Suffolk Show Inventive Farmer Competition highlights

While tractors and machinery increasingly rely on high-tech electronics, GPS guidance from space satellites and robotics, there is still a need for the do-it-yourself approach that uses workshop skills to develop problem-solving equipment.

The annual shop window for some of the latest ideas from farm workshops in the eastern counties is the Inventive Farmer Competition at the Suffolk Show, Ipswich. Most of the entries are made from recycled bits and pieces, but a few of the award winners from previous years have attracted the interest of manufacturers and have become production machines.


This year’s winning entry in the ‘Gadgets’ section of the competition was a portable lifting platform that Michael Beckett made for removing and replacing the engine on the Fordson Dexta tractor he uses at Claydon, Ipswich.

See also: Inventions Competition 2019: Drills and cultivators on a budget

He mounted the platform on a small, hand-operated pallet truck to take the weight of the engine and allow precise positioning, and the platform can also be tilted to simplify the removal and replacement process.

home made stand

Runner-up: Chris Templeman’s stand to hold the clamps for his Stocks dual wheels.

Mr Beckett, who has produced winning entries in previous Suffolk Show inventions competitions, made the lifting unit last year when he needed to replace the engine in his Dexta. As well as making the job easier, using the home-made platform also improved safety, reducing the risk of a mishap causing injury or damaging the engine.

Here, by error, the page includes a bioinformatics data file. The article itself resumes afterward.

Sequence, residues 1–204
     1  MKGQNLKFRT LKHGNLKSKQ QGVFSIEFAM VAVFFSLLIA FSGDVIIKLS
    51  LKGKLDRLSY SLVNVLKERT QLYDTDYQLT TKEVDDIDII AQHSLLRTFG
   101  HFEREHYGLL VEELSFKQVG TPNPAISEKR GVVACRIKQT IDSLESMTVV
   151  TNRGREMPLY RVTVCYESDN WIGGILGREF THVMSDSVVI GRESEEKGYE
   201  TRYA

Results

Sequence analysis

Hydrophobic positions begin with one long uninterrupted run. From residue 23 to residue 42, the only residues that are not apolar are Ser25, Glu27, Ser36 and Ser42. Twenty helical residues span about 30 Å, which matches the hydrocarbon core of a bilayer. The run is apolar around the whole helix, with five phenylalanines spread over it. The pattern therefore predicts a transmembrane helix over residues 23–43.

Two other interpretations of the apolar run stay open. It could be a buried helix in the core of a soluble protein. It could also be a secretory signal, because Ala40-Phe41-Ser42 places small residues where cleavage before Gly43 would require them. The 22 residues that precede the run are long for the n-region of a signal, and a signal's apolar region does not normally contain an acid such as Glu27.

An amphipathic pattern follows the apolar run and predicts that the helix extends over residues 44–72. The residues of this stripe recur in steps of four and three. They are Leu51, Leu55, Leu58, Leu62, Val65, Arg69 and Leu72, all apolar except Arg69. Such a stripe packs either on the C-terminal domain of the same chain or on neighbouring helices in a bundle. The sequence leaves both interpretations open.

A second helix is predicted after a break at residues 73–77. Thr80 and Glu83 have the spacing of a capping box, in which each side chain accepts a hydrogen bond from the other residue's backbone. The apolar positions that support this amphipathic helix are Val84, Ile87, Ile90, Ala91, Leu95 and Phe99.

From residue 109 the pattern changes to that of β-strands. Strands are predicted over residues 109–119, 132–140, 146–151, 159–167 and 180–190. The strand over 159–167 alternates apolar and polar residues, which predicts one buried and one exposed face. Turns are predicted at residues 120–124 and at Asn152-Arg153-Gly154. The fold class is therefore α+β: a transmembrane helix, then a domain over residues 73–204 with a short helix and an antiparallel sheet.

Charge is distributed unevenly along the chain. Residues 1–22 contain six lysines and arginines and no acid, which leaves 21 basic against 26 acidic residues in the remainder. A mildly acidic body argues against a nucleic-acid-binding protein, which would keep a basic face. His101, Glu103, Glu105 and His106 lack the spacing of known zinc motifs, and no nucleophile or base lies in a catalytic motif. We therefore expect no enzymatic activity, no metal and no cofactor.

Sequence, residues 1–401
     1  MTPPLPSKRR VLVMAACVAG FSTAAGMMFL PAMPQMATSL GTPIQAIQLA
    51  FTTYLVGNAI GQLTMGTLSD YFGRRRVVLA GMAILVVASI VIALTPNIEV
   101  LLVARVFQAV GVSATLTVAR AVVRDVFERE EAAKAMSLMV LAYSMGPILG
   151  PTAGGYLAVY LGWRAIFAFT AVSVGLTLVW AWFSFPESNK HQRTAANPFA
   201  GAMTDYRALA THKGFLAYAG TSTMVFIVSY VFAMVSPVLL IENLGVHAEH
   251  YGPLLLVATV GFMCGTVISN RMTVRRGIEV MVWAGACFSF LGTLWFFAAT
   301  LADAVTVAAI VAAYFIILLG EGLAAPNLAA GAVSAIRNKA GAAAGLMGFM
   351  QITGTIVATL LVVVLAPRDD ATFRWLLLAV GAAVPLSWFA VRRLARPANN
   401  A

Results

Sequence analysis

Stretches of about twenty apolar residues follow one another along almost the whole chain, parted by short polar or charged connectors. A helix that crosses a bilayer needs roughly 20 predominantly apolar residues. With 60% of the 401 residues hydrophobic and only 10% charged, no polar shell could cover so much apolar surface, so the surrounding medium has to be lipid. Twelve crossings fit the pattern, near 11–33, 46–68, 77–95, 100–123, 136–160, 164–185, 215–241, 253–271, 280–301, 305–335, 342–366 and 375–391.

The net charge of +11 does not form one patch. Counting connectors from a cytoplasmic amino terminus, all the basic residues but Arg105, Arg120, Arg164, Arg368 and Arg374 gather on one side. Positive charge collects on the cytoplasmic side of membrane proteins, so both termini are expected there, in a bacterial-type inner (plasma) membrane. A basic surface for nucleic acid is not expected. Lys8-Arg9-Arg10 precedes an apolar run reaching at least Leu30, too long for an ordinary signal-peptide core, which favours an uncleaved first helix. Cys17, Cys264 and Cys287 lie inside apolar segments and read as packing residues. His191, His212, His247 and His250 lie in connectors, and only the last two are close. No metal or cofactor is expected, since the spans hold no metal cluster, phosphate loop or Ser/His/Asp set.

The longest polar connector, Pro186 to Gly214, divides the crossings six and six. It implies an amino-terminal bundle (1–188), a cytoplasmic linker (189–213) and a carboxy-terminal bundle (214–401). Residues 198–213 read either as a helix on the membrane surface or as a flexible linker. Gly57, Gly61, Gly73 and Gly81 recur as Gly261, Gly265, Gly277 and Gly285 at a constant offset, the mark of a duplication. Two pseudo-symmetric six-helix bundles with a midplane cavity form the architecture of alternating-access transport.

The runner-up in the ‘Gadgets’ category came from the workshop on Chris Templeman’s Red House Farm at Witnesham, Ipswich. He recycled some scrap metal to make a special stand to hold the clamps for his Stocks dual wheels. Previously the clamps were stored in a heap, but using the stand keeps them tidy and also reduces damage risks.

New equipment

James Shipp’s ‘New Equipment’ award winner is a simple self-cleaning modification to remove waste grain from the wheels on the Richard Western trailer he uses on his farm at Henly, Suffolk.

Each time the trailer is unloaded, grain builds up on the inner surface of the four wheel rims, and this falls off on the return journey to the field.

Mr Shipp solved the problem by welding two small metal strips on the surface of each wheel rim where the grain collects, and these shed all the grain on the floor of the storage building as soon as the trailer starts to move.


The top award in this year’s ‘Modifications’ category went to a special drawbar made by Robert Foster at his Red Barn Farm, at Badingham, Woodbridge. The drawbar is designed for use on his car trailer, increasing its versatility by allowing it to be pulled by an ATV or compact tractor.